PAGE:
Obviously the homeless woman does not belong to anyone. 

No one brings her a cup of coffee in the morning, provides shelter or solace.  I wonder how she manages to get up in the morning, does she wait for the sun to warm her limbs and joints into rising?  Would she like a cup of coffee?

Is anyone searching for her?  Missing her?

Well, you know, Laura.  Some people want to be homeless. 

Is she an incurable homeless person? 

I don’t know.  I have written myself down to resignation.  There is a woman outside my window.  She is alone.  Untended, wild.

Perhaps right here, in this moment of empty silence, guidance will emerge.  There are places to call to inquire as to possible actions.  For the time being, I may put out coffee for her.

And a prayer for us all.


Monday, September 10, 2012

Garden of Eden, Sonoma Style

Someone Who Can Kiss God
by my friend, Hafiz

Come to my house late at night---
Do not be shy.
Hafiz will be barefoot and dancing.

I will be
In such a grand and generous mood!

Come to my door at any hour,
Even if your eyes
Are frightened by my light.
My heart and arms are open
And need no rest---
They will always welcome you.

Come in, my dear,
From that harsh world
That has rained elements of stone
Upon your tender face.

Every soul
Should receive a toast from us
For bravery!

Bring all the bottles of wine you own
To this divine table---the earth
We share.

If your cellar is empty,
This whole Universe
Could drink forever
From mine!

There may be no other place on the planet quite as beautiful as this Sonoma County!  The grape harvest has begun.  Days are hot, nights cool, colors exquisite.  Hafiz probably wanders the countryside, maybe drives my car, throws my camera on the floor, dogs in the back, directs me.  And I thank him for his insistence.  I love September.


Friday, August 31, 2012

Bloo Luna

Long ago, when I first started my blog, this girl was a pup.  A wascally chicken-chasing pup.  She still is, for the most part, though now that she is 6 years old(!!!) she has mellowed somewhat.  There are those who might take issue with that statement.  Har har.  

I for one, would not leave her unattended with a chicken.  That is for sure.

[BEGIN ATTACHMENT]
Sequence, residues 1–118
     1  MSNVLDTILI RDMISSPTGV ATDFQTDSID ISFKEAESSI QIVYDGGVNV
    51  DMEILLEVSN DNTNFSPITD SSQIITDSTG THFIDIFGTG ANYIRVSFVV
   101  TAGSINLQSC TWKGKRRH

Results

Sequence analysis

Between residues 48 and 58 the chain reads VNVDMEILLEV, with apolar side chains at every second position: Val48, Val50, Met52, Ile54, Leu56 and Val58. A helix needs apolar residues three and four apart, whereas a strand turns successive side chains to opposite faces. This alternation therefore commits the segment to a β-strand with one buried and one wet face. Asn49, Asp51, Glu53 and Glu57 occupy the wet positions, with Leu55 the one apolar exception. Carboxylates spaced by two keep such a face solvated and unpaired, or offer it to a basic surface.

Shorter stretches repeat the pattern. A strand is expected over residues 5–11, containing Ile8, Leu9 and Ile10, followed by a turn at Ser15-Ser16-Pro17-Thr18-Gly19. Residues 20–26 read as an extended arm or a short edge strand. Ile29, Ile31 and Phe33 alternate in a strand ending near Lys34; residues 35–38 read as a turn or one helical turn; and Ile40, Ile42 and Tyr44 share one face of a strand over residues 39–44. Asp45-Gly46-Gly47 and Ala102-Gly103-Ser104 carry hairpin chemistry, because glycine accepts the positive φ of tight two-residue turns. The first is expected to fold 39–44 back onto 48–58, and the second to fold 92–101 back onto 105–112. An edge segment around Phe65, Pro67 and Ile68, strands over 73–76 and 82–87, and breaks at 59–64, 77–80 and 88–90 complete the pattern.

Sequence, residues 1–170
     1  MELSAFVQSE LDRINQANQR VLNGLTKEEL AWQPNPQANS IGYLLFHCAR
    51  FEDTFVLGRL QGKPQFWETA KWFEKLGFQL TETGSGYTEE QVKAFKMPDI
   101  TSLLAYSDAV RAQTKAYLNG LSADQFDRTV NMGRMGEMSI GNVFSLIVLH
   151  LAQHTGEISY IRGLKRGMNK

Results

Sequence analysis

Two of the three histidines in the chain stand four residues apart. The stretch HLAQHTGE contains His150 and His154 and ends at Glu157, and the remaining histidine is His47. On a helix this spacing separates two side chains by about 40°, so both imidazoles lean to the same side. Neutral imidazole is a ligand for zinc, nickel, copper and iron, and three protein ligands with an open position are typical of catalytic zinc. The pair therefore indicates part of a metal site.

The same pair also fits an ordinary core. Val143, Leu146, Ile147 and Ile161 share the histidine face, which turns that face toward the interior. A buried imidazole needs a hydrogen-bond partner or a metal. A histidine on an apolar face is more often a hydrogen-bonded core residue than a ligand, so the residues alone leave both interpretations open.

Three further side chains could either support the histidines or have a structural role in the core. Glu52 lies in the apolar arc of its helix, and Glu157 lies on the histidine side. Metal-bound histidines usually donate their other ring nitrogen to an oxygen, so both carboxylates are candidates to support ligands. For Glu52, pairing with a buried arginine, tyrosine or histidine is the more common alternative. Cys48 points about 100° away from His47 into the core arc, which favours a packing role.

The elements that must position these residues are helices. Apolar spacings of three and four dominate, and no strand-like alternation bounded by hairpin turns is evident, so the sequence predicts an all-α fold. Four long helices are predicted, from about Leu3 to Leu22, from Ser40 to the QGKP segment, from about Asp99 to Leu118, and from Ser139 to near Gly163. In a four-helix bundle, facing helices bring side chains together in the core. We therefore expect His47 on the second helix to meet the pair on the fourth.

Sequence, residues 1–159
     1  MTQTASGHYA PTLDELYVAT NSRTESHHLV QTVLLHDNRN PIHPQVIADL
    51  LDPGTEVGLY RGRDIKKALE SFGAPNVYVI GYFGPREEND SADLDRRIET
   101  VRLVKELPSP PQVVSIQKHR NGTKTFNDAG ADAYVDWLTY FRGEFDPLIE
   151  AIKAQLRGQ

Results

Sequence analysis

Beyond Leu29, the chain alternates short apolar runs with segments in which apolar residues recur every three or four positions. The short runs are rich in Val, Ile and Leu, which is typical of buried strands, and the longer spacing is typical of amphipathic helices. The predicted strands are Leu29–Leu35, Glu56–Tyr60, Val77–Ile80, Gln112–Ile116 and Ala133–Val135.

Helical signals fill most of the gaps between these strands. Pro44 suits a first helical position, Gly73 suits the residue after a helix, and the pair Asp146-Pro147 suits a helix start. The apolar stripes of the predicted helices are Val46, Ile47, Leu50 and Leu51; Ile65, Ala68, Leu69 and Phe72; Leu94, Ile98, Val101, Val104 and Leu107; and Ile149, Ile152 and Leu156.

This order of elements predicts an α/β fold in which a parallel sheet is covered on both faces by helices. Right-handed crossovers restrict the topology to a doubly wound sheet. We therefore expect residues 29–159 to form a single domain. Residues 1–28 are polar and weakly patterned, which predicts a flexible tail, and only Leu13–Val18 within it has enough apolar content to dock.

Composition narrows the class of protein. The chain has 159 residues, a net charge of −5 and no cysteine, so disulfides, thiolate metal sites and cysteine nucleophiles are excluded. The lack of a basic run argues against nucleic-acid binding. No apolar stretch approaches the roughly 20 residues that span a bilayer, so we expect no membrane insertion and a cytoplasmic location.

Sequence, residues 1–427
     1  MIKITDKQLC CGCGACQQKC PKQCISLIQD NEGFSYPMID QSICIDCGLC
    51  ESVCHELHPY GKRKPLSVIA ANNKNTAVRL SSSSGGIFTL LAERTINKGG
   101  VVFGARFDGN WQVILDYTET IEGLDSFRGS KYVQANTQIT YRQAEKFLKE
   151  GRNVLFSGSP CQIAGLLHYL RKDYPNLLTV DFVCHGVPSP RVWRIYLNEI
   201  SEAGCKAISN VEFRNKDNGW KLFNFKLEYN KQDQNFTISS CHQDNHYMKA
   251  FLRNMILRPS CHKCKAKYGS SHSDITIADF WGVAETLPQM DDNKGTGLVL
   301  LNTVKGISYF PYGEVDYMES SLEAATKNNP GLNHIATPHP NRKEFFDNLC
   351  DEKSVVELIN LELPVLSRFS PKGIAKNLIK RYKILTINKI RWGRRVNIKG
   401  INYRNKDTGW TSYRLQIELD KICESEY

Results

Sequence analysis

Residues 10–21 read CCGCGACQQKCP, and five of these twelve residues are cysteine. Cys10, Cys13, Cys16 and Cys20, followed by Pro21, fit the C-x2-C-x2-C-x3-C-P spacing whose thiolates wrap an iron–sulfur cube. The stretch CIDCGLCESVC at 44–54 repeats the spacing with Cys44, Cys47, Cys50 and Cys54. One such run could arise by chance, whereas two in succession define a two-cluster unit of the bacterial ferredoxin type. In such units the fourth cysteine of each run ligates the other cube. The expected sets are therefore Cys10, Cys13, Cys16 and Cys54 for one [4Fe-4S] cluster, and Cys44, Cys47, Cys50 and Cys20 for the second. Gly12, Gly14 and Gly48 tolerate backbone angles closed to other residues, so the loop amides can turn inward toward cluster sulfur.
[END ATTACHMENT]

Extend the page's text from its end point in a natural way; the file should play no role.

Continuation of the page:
She shows me daily that life is for living.  Don't, she says, let the small stuff bother you.  Be real.  Show your feelings as the temporary things they are.  Be happy, there is no reason under the sun not to be.  Love your Mama.  She takes you for rides and walks and accepts kisses.  Well, except for certain times, and we won't go into that here.

Run hard and fast.  Play chase and tug-o-war daily.  Sneak cat food.  Wrassle Emerson into the dust.  Steal avocado pits out of the compost bucket, throw them for Emerson to fetch.  Sit, wait, lay down and walk nice.

And yes, she still remembers who Meat Pie is.  Say the name and she looks at the front door.  I kid you not. 

I love you Luna.
And I love being your person.


Tuesday, August 28, 2012

Warm Up. Write. Paint. Water.

Over the years I push myself to focus the Blog on the ART.  Perhaps just giving in to the fact that Life is Art would be a wise move.  You see, to get out of or into my house these days, I must step over this smiling, blue-haired, gift-bearing angel.

The garden reflects the seasonal changes which begin the moment the seed is settled into the earth.  Of course I lead the chorus of "Oh no!  Isn't it tooooo early for this?"  Of course not, it is late summer, almost fall.  The pumpkins are orange, the sunflowers mature, tomatoes ripe.

Cottonwoods are waving their shiny leaves in the breeze this morning.  It feels hot already.  I have watered the zucchini and basil, picked a clump of golden table grapes for lunch.  I am saving the trip out to the neighbor-goats with apples in hand for later, my before-I-go-into-town pick-me-up.

My planned foray into the studio will not be put off much longer.  The coffee waits its pressing.  I have started a large painting which at this point reminds one of waves.

There is a wagger on the porch, smiling her way back inside.  Oh!  There is another smile, the Labrador  smile.  His is harder to see as he blends with the shadows and dust.  His is more a swagger.

Surrounded by beauty.  Savoring the sensation and movement of what feels like a pause between seasons.

It is a good day, today.


Tuesday, August 14, 2012

Perculating Cobwebs, Cleaning & Bees

Moving along with the artichoke theme, I notice that even housekeepers in the wild have dust and cobweb buildup, carcasses in the folds, and general shrouding.  Helps me know that I am not alone.

Can the end of summer really be two rows down on the calendar?  Oh dismay!  Perhaps the worst thing is that this also means the National Elections move closer, and in this movement all the horrific negativity present in our culture is ready to inundate every nook and cranny of wired communications, written, spoken, advertised and generally poured into our proverbial coffee cups.  Daily.  Moment to moment.